Abydos B19 palette fragment
Abydos, cem. B, chamber B19 of Aha's complex
(for size see above)
W. Kaiser - G. Dreyer, in: MDAIK 38, 1982, 228, fig. 6
(the orientation in the MDAIK figure is the one shown on the right >)
This important fragment has a known provenance and archaeological context. Together with the Minshat el Ezzat palette, it attests that this category of decorated objects was still valued and manufactured in the early and middle part of the First Dynasty. But the complex animal decorations were parhaps abandoned after the reign of Narmer.
I have reconstructed a few possible outlines of the palette; the palette could be much earlier than Aha's reign (an heirloom), but according to my most probable reconstruction it could also be an early First Dynasty product..
Initially I had thought that the vertical frame along the edge of the palette could be a lycaon or another animal tail.
I had drawn a first raw reconstruction of the palette with a serekh of Aha and a mammal of which I have exaggerated the tail size to show the relief. However it is highly improbable that such a palette type would still be manufactured in Aha's (and in his immediate predecessors') reign.
Furthermore such a complex pattern for a tail is unknown on other palettes and fragments (the bushy tail is generally rendered with a simple series of horizontal strokes) [cf. fig. at page bottom and H.G. Fischer, in: Artibus Asiae 21, 1958, fig. 18].
In the original orientation (with V-shaped pattern) the motif could also represent a plant (palm tree trunk ?), but these are generally in the central part of the palettes with the exception of the Minshat el-Ezzat palette (where the palm is on the right side although not on the very edge of the palette); however also the depiction of the trunk is generally different from the present motif.
A similar feature recalls the serpopards' necks as well, but even in this case their long necks are never found framing the edge of the palettes (see the images below).
Perhaps the different pattern used in this palette could depend on the later (?) date of the object or on the different animal (than lycaon) which was carved on it.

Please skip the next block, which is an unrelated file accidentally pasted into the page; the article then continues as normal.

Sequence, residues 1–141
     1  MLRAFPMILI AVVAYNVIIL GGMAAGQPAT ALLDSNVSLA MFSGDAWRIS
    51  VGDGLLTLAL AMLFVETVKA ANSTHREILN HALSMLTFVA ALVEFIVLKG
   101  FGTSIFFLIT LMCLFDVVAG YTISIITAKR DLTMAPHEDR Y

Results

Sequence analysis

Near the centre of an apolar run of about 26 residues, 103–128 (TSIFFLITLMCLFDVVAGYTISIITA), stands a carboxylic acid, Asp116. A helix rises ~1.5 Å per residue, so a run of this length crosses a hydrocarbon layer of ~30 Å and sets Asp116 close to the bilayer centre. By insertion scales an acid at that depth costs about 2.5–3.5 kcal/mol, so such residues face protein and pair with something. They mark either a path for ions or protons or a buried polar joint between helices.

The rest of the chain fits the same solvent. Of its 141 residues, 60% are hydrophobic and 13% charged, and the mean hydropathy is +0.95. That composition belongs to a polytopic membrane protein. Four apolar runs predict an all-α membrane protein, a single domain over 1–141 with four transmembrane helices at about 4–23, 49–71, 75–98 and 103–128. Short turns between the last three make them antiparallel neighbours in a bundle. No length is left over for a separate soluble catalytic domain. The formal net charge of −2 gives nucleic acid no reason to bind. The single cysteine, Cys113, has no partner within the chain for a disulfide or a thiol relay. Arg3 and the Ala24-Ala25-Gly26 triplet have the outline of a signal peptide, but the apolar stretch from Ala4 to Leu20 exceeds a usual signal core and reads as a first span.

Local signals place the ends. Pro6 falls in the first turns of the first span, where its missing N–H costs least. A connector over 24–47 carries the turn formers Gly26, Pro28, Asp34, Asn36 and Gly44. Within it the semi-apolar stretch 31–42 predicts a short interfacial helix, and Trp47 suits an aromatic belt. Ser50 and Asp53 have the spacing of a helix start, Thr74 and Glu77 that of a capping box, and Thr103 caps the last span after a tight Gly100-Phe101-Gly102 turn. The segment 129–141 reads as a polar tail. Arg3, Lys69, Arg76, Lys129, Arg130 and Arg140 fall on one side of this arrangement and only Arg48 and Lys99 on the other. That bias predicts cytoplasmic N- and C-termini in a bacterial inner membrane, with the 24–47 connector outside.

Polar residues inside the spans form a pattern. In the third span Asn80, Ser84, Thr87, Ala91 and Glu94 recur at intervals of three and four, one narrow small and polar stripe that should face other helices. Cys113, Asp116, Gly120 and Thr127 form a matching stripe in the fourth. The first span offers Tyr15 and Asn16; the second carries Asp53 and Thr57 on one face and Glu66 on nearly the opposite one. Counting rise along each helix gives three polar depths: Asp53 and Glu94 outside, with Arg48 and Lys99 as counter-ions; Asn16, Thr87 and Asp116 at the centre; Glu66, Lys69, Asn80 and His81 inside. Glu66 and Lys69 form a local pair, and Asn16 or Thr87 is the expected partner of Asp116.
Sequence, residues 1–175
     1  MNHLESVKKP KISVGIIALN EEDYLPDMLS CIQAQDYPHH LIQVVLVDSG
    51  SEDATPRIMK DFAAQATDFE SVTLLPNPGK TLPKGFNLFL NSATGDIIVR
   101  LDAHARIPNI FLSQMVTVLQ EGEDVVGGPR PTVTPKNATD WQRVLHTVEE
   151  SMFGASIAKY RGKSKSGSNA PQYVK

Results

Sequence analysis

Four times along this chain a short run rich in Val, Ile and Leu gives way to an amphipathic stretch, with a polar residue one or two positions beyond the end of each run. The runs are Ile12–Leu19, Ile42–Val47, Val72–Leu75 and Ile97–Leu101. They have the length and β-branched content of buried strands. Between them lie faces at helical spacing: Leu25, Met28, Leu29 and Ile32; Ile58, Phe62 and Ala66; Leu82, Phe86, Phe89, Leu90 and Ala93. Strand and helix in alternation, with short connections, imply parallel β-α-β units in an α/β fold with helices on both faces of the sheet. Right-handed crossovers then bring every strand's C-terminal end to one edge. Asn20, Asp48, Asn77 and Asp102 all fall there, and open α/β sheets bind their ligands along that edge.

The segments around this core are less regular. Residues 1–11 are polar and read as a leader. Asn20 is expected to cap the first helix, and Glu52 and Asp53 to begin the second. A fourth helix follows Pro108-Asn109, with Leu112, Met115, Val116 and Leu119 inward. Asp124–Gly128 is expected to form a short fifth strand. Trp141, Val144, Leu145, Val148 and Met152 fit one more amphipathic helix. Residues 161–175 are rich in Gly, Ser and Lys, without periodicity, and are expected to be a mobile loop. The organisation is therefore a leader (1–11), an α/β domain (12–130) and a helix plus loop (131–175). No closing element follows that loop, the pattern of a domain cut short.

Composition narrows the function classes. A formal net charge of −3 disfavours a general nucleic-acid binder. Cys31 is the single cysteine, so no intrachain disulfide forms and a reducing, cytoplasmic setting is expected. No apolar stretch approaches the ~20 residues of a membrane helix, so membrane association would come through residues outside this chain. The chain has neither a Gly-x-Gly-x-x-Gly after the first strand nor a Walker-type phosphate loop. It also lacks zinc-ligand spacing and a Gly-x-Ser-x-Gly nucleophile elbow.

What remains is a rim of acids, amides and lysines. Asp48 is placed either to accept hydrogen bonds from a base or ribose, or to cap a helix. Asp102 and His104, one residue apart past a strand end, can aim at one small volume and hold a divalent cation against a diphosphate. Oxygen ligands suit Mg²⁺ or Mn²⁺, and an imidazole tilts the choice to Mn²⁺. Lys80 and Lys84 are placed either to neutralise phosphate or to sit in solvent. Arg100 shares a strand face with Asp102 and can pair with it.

But as I have anticipated, I don't think that this fragment belongs to the type of palettes with carved animals reliefs.
Another possible (remote ?) explanation of the motif could be that of the edge of a reed and matwork shrine, represented as those on LP and ED seal impressions (cf. this early example in the figure: from Naga ed-Der tomb 7304, Naqada IId period, after H. Kantor, JNES 11, 1952, pl. 25B). Despite the example on the Hunters palette (and the occurrences on Metropolitan Mus. and Oxford Mus. knife handles), there aren't further representations of such structures on palettes; yet I think that buildings could have been originally shown on palettes with rows of human figures (processions) such as the fragments of the Brooklyn-Cairo, the 'Beirut' and the 'Warrior' palettes. These artifacts must date later (Naqada IIIA-B) than the decorated ivory knife handles from Abydos U cemetery.
NOTE: For early seal and seal impressions cf. R. Boehmer, Das Rollsiegel im prädynastischen Ägypten, in: Arch. Anzeig. 4, 1974, 495ff.; P.V. Podzorski, in: JNES 47, 1988, 259ff.; W. Kaiser, Zur Entstehung des gesamtagyptischen Staates, in: MDAIK 46, 1990, 287-299; U. Hartung, Pradynastische Siegelabrollungen aus dem Friedhof U in Abydos (Umme el Qaab), in: MDAIK 54, 1998/ 187-217; id., in: SÄK 26, 1998, 35-50.
LINK to the Petrie Museum page
In my opinion, the most striking similarity of the motif found on the Aha tomb fragment (the horizontal stroke could perhaps be a break) is found on the decorated edge of some Late Predynastic rectangular palettes as the specimen in UC (73138) in the figure on the left (from the cemetery of Naqada) and in UC 15832 (fig. below = Petrie, 1920, pl. 44, 98W). This motif is far less frequent than that of the parallel incised lines, but nonetheless it appears along with a series of further edge-decorations, on the LP/ED rectangular palettes (as on the Neith palette).
Given the straight edge of the B19 fragment and the date of Aha's burial, it'd be possible that our fragment belongs to such a kind of simply shaped rectangular palettes, which have been frequently found in late Naqada IIIB- early Naqada IIIC (élite) cemeteries of Lower Egypt, as Tarkhan (esp. SD 77-79), Minshat Abu Omar as well as in many tombs of the Upper Egyptian necropolis of Naqada. Yet I find it somewhat unlikely for a royal tomb to be provided with such a standard type of cosmetic palette generally reserved to the individuals buried in élite or middle classes tombs and cemeteries.
LINK to the Petrie Museum page
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The rendering of some decorative motifs found on Naqada III palettes
Francesco Raffaele, May 21, 2003